Top officials from four branches of the US military warn that the armed forces are currently not ready to respond to an unexpected crisis after years of combat and budget cuts.
In testimony before the Senate Armed Services Committee on Tuesday, General John Paxton, assistant commandant of the US Marine Corps, warned lawmakers that the Marines might not be able to deter a potential enemy.
“I worry about the capability and the capacity to win in a major fight somewhere else right now,” Paxton said.
The top general said that long military engagements have taken a hard toll on aviation, intelligence and communications units.
He said approximately 80 percent of the units lack the number of aircraft required for training and operations.
“In the event of a crisis, these degraded units could either be called upon to deploy immediately at increased risk to the force and the mission, or require additional time to prepare thus incurring increased risk to mission by surrendering the initiative to our adversaries,” the general said.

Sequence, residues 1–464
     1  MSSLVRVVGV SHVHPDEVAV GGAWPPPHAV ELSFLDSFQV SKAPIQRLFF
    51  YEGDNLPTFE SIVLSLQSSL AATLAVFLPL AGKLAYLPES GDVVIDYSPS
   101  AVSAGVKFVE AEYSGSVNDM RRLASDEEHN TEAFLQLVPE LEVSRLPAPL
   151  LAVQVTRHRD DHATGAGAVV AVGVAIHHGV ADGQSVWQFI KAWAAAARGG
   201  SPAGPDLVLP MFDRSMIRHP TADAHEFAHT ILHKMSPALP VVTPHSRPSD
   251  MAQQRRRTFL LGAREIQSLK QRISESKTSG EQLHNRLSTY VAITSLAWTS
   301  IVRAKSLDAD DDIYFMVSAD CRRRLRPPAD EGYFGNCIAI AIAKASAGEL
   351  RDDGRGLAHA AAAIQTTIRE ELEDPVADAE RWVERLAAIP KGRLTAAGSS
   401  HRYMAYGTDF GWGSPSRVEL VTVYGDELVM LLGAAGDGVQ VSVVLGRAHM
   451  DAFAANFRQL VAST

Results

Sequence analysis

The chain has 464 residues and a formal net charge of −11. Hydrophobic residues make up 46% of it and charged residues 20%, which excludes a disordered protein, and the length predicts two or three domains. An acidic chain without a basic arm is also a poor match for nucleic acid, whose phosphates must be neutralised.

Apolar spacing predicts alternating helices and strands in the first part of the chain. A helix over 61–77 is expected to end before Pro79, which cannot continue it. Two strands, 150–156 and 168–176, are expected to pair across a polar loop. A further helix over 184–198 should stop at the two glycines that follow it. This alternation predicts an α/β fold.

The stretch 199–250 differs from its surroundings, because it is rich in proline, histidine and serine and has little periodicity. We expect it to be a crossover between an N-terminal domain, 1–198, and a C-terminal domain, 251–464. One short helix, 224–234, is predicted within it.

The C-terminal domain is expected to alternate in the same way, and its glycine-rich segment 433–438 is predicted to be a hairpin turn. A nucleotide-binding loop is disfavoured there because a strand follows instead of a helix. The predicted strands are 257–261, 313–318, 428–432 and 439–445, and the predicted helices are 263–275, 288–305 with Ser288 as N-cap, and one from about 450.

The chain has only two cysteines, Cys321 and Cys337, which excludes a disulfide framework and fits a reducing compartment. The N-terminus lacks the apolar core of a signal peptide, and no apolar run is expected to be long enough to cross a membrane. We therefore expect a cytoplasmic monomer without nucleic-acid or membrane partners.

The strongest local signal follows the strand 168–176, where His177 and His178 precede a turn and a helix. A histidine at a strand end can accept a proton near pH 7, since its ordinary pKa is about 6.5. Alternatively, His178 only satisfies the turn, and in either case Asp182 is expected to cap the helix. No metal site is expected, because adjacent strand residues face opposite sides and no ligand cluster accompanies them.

Paxton testified before the Senate panel along with the vice chiefs of the Army, Navy and Air Force, who also voiced similar concerns about readiness challenges facing each force.
“Twenty-five years of continuous combat, coupled with budget instability and lower-than-planned top lines [budgets], have made the Air Force one of the smallest, oldest and least ready in our history,” said Gen. David Goldfein, the Air Force’s vice chief of staff.
US military spending has declined from nearly $700 billion in 2010 to $560 billion last year.
“We are consuming readiness as fast as we are building it,” General Daniel Allyn, the Army’s vice chief of staff, said.
The vice chief of naval operations, Admiral Michelle Howard, said that the Navy continues to delay repairs and upgrades for its infrastructure because of the “readiness debt it” it has accrued over the last decade.